I hear people talk a lot about how a certain dog is The One for them. They love all their dogs, but there's that one dog that is their Heart Dog. Just a little bit special. Just a little bit different from the rest.

I think it's great that people have that kind of connection with a dog. It doesn't detract what they have with their other dogs at all, they just have that one super-special bond.

A lot of people ask me which dog is my The One, which one is my favorite. They give me a little wink or a nudge and say, "it's okay. Everyone has one. Which one is yours?" For me, I always have a hard time answering. It's easy for me to say Nemo - but as soon as I say that I remember how amazingly awesome all of my dogs are in their own ways.


Nemo is my awesome cuddle dog. He loves to be loved. If you sit down on the floor, he will make a beeline for you and settle right into your lap. He does it every single time, without fail. He does it everywhere, with everyone, and it's awesome. Together, Nemo and I have our own little rituals. He has a particular spot next to me where he sleeps at night and whenever I come home from work he brings me his ball to show me how glad he is that I'm home.

But Heidi is good at everything. She can handle any situation. She's the dog we bring places so we can show off how great pit bulls are because she doesn't get stressed in new environments with new people. And on top of that she's a super-snuggler too. She loves to curl up in your lap regardless of what you're doing and she'll chill out there for as long as you let her. Unlike Nemo, she doesn't do it for everyone. She's chosen her special people and only does it with them.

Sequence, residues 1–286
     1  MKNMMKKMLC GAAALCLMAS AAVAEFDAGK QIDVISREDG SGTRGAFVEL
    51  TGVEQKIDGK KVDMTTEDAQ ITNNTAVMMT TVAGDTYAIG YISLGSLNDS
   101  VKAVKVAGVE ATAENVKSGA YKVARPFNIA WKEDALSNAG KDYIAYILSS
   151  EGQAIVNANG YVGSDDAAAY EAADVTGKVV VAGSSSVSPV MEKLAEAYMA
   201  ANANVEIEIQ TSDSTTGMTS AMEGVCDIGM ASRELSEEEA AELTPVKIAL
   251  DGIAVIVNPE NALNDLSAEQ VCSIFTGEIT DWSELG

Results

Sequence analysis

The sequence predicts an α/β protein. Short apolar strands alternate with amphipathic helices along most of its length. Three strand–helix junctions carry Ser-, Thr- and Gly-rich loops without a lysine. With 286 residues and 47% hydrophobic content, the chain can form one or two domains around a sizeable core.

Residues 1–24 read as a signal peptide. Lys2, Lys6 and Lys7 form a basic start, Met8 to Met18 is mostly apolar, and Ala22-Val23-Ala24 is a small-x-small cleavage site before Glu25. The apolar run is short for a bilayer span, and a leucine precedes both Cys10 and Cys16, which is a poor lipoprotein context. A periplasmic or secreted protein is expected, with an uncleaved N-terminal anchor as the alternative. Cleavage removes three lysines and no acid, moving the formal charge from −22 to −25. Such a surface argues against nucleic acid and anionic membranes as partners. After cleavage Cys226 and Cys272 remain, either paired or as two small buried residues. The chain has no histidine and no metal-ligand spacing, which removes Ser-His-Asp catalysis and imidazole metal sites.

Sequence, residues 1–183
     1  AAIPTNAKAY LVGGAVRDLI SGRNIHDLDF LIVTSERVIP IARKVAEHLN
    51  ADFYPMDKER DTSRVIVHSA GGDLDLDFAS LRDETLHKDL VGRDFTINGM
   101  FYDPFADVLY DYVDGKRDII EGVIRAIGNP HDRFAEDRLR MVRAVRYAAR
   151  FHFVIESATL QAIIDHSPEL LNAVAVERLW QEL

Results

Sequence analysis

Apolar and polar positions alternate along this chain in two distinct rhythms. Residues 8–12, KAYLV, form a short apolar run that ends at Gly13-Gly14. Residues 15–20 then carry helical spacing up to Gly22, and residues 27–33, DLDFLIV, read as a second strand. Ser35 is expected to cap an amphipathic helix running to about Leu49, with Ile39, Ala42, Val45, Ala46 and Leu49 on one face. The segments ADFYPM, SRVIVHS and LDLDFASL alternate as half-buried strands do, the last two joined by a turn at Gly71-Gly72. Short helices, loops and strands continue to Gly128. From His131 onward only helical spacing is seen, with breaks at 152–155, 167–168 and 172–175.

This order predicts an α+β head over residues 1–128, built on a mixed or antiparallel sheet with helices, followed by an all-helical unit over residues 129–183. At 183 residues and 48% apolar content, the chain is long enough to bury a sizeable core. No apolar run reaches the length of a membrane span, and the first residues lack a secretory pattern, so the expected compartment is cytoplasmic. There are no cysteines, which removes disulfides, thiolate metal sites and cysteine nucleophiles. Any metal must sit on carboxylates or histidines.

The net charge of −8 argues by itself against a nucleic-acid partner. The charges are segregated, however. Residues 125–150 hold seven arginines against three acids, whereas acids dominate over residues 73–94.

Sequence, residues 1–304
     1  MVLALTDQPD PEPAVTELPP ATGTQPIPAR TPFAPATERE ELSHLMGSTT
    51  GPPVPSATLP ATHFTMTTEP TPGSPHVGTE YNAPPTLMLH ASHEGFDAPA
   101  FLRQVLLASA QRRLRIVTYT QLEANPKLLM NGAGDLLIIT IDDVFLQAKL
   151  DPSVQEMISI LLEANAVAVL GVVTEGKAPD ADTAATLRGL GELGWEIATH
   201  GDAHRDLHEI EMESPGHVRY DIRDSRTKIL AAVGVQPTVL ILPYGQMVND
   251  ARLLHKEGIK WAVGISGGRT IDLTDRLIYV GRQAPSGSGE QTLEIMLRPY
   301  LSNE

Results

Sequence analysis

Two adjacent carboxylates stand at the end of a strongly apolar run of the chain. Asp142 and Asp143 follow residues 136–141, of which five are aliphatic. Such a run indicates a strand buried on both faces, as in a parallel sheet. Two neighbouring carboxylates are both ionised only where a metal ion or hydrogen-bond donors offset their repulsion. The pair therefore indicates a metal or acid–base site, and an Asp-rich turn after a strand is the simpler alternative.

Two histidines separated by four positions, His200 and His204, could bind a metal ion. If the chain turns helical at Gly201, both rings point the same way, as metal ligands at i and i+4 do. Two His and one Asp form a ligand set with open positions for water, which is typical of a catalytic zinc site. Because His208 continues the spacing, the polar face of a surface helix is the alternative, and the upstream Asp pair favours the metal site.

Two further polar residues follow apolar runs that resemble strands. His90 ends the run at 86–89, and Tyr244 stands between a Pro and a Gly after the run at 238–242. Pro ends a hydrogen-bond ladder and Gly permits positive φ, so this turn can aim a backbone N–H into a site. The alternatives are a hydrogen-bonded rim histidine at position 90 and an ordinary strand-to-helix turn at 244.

Melanie is her own special kind of special. She's isn't super cuddly, she isn't really eager to please. She's typically on the lookout for her own interests - she wants what she wants and has that classic pit bull "stubborn" attitude. She'll do what she needs to do to get that treat, but she's definitely not doing it just to make you happy, she just really wants that food. But every now and then she does get cuddly with me. And in those moments I know that she's doing it because it really honestly does make her happy. It's what she wants more than anything in that moment, and because it's me that she wants, it makes me feel special too.


And then of course there are the dogs that are no longer with me, but whose lives were so intertwined with mine for a time. There were the dogs I grew up with in my childhood, and Cookie, the first dog I ever adopted on my own, and of course Molly, who was with us for so many years.

I don't know which dog is my The One. I like to think they are all The One in different ways. But maybe we all have it backwards when we ask which dog is The One.

Maybe they aren't my One. Maybe I'm theirs.